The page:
This is a shot tower, so named because this part of England was home to the 18th and 19th centuries munitions businesses. The river was used to create mill races that ground the ingredients for gunpowder. The earthworks where bunds that protected the neighboured when some poor sod decided on a cheeky cigarette break and stopped him spreading his body parts across Hounslow. The shot tower was used as a way of making lead shot. You took the molten led to the top, measured out the right amount and dropped it down the tower and into a bucket of water. I suppose this might have been better than the job of gunpowder making but it’s a toss up.

The path is now heavily wooded and shaded and continues along the Crane’s banks. There are a couple of detours, one of which takes me across Hounslow Heath, a pretty rough piece of scrubland, as well as some more unprepossessing roads. The final section is through Donkey wood and the end of the section at 11 miles. Another four miles on and I’d be back at the Grand Union canal outside Hayes which, avid readers will recall has been my terminus of the last two. I decided, with the effort of soil spreading telling on my feet that that was probably enough and headed for Hatton Cross station and the journey back into central London and home.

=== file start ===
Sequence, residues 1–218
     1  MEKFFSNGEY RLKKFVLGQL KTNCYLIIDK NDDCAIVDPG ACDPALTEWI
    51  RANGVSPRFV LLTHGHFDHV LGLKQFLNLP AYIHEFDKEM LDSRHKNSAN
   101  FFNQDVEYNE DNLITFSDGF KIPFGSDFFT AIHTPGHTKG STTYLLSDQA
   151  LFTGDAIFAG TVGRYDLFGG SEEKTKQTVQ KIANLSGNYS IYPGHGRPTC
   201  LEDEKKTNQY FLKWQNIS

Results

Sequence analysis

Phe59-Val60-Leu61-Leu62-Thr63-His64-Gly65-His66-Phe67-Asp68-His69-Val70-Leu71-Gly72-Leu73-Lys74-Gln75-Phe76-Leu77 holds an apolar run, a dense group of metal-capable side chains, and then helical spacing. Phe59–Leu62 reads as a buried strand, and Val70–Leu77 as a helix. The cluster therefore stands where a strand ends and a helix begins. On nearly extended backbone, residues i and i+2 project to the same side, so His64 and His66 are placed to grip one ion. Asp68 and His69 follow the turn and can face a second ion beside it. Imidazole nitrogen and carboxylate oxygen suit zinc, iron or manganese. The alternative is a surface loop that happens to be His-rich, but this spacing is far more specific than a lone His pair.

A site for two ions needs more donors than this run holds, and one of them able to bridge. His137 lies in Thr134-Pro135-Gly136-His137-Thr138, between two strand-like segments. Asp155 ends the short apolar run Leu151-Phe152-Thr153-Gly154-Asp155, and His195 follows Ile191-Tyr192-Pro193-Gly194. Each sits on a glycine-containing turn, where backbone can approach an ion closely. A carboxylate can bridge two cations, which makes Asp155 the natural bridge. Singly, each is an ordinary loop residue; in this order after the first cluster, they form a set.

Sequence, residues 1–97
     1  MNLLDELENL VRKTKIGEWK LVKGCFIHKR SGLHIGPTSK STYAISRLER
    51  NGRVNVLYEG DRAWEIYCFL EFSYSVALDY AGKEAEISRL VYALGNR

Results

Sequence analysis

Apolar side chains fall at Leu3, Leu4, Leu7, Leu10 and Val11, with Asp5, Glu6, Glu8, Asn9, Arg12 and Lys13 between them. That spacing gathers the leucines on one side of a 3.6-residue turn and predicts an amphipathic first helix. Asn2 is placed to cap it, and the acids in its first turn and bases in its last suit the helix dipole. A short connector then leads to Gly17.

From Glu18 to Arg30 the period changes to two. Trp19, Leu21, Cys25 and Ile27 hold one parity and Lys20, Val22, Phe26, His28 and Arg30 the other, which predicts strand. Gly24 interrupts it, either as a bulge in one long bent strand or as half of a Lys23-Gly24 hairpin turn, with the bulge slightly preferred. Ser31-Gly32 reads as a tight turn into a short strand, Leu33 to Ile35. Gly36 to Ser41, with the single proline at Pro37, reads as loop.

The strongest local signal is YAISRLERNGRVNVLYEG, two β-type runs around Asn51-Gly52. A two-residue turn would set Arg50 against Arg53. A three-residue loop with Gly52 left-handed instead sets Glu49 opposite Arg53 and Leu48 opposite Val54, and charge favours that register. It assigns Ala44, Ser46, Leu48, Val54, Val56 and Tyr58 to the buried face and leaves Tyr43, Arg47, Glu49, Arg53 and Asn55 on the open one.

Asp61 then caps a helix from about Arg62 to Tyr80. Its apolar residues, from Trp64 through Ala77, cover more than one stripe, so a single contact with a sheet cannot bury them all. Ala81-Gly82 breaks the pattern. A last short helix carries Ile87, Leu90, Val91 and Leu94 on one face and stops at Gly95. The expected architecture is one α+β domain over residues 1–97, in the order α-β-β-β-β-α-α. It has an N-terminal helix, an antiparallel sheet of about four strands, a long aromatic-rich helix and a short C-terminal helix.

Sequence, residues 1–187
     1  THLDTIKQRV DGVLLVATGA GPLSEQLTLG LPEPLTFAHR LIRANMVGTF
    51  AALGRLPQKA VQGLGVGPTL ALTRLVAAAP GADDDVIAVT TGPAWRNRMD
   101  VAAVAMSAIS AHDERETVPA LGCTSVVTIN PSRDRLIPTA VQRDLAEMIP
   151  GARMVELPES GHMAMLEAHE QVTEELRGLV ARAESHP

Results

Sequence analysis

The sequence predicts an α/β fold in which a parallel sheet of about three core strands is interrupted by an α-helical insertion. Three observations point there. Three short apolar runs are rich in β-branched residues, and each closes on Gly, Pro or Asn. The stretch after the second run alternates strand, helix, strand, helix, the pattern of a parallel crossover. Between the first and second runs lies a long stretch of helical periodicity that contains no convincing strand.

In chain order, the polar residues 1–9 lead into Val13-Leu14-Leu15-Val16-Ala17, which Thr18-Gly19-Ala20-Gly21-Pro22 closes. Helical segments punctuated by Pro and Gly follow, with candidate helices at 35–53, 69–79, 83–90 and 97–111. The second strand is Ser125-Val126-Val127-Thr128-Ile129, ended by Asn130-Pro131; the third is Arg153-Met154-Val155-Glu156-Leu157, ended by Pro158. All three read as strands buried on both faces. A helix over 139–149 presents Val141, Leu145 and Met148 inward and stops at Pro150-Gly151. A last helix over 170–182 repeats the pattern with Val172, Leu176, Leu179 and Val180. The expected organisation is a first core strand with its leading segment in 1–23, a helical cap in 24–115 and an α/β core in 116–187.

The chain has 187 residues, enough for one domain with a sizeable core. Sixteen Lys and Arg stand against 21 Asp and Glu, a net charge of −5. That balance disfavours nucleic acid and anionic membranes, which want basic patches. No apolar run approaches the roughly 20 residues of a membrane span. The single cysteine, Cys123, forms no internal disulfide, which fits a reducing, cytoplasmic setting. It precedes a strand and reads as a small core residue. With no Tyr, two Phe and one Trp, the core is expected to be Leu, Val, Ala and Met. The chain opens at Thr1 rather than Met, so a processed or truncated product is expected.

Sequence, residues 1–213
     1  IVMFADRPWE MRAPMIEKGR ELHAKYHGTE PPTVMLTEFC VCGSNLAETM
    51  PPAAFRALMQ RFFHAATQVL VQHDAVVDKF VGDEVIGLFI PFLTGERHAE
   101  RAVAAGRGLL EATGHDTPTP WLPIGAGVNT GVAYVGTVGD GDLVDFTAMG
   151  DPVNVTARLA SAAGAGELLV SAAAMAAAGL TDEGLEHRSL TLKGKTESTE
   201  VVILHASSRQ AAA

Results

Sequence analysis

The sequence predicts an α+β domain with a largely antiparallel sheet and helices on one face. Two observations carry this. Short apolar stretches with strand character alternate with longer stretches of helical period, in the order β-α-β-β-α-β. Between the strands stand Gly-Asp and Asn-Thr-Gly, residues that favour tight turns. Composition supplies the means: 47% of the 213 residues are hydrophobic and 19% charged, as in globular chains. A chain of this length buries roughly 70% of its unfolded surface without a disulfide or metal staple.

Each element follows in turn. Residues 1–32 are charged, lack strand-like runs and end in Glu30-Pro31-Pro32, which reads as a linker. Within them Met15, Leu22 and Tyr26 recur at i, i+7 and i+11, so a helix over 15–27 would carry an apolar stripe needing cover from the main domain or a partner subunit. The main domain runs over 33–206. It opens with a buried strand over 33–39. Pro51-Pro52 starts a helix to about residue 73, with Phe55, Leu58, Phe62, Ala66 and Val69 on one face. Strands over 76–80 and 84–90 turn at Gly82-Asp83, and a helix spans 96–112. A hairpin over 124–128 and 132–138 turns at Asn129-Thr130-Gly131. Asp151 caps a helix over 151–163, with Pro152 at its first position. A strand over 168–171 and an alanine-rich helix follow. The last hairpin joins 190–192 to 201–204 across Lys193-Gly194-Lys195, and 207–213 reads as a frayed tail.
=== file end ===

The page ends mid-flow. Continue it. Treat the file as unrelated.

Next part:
About TanGental

My name is Geoff Le Pard. Once I was a lawyer; now I am a writer. I've published several books: a four book series following Harry Spittle as he grows from hapless student to hapless partner in a London law firm; four others in different genres; a book of poetry; four anthologies of short fiction; and a memoir of my mother. I have several more in the pipeline. I have been blogging regularly since 2014, on topic as diverse as: poetry based on famous poems; memories from my life; my garden; my dog; a whole variety of short fiction; my attempts at baking and food; travel and the consequent disasters; theatre, film and book reviews; and the occasional thought piece. Mostly it is whatever takes my fancy. I avoid politics, mostly, and religion, always. I don't mean to upset anyone but if I do, well, sorry and I suggest you go elsewhere. These are my thoughts and no one else is to blame. If you want to nab anything I post, please acknowledge where it came from.
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22 Responses to Kingston To Donkey Wood